TEAC 1013 Everyday Childhoods
Credit Points 10
Legacy Code 102665
Coordinator Kerry-Lee Staples Opens in new window
Description In this subject students will engage in an exploration of what it means to be a child in a postmodern world and how different theoretical approaches influence ways of understanding children’s lives. Alongside questions of how gender, sexuality, ethnicity, 'race', language, class, ability and religion are constituted through a child’s identity, students will explore the notion of a child’s subjectivity. A child’s subjectivity is the conscious and unconscious thoughts and emotions of the child, their sense of self, their body and their way of understanding their relationship to the world. Building on this knowledge, students will also explore the four key child-environment identities of the physical child, the social child, the learning child and the natural child and by analysing a variety of scholarly and non-scholarly texts around the child’s body and behaviour will reflect on a child’s individuality and emerging identity.
Discipline Teacher Education: Early Childhood
Student Contribution Band HECS Band 1 10cp
Check your HECS Band contribution amount via the Fees page.
Level Undergraduate Level 1 subject
Students must be enrolled in 1879 Bachelor of Education (Birth – 5 Years).
- Investigate diverse texts, images and constructions of what it means to be a child in contemporary society.
- Describe the social meaning of childhood including the historical, social and political factors and how they have influenced changing views of children and childhood.
- Describe how different theoretical perspectives have positioned children and childhood as a social construction.
- Identify the ways in which gender, sexuality, ethnicity, 'race', language, class, ability and religion are constituted through a child’s identity and the significance of this on everyday lived experiences.
- Critically reflect on social and cultural constructions of diversity and difference in relation to children’s identities and subjectivities.
- Examine the ways in which children negotiate and construct their identities in contexts of diversity and difference.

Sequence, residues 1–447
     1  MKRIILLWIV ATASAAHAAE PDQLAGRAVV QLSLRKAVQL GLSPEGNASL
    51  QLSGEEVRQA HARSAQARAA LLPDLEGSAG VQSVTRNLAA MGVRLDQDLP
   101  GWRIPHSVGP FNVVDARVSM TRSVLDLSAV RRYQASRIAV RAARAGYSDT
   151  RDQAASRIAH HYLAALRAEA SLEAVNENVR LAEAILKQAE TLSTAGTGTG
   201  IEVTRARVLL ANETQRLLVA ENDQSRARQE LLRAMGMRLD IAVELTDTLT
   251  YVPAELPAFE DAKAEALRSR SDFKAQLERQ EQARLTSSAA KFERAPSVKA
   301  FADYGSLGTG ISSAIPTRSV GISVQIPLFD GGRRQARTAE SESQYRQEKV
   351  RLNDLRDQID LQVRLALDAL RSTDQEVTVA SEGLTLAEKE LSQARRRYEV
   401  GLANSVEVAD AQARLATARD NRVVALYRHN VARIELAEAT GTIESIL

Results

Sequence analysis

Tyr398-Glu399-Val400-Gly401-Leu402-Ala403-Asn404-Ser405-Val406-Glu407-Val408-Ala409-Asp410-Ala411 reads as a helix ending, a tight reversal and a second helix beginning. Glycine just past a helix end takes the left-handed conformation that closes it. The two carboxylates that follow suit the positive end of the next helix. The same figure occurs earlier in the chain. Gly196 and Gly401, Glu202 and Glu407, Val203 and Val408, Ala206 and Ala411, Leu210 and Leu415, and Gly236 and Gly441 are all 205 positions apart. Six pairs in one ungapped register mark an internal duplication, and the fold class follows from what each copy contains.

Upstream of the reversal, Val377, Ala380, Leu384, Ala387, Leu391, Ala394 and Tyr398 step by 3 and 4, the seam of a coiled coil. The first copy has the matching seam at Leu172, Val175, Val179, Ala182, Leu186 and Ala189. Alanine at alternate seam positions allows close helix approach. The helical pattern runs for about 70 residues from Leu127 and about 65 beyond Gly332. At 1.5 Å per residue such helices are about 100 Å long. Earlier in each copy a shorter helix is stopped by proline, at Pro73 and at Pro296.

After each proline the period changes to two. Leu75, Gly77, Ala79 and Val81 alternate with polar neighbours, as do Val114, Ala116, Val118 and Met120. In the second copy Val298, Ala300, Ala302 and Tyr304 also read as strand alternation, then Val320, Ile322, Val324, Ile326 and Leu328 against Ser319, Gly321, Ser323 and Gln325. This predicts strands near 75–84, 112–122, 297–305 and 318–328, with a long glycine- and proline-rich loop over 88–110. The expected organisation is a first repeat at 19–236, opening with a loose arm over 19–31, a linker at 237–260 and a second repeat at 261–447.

- Describe how children’s rights and responsibilities are enacted by children and adults.
- Describe how child-environment identity is connected to place, space, location and time.
- Who is, and what does it mean to be a child in a postmodern world?
- Critically analysing scholarly and non-scholarly texts, images and constructions ‘about’ the child
- Introduction to contemporary national and international theories and philosophies related to the child
- Significance of gender, sexuality, ethnicity, 'race', language, class, ability and religion and how they are constituted through a child’s identity and everyday lived experiences
- Questions of subjectivity and a child’s sense of herself, her body and her relationship to the world
- Children’s negotiation of identity and difference in a globalised world
- Rights and responsibilities of the child
- Child-environment identity and connections to place, space, location and time through encounters with tangible social-cultural artefacts such as toys, homes, landscapes, animals, digital technology
- Reflecting on constructions of diversity and difference in education and community settings
The following table summarises the standard assessment tasks for this subject. Please note this is a guide only. Assessment tasks are regularly updated, where there is a difference your Learning Guide takes precedence.
|Quiz||20 item multiple choice/short answer||20||N||Individual|
|Critical Review||1,200 words||40||N||Individual|